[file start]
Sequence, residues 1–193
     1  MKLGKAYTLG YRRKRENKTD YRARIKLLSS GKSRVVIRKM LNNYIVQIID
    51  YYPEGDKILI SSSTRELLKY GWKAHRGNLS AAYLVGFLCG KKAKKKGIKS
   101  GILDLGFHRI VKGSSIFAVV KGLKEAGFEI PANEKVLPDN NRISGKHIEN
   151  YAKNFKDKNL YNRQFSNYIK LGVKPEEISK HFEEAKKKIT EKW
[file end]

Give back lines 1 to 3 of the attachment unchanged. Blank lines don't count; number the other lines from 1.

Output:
Sequence, residues 1–193
     1  MKLGKAYTLG YRRKRENKTD YRARIKLLSS GKSRVVIRKM LNNYIVQIID
    51  YYPEGDKILI SSSTRELLKY GWKAHRGNLS AAYLVGFLCG KKAKKKGIKS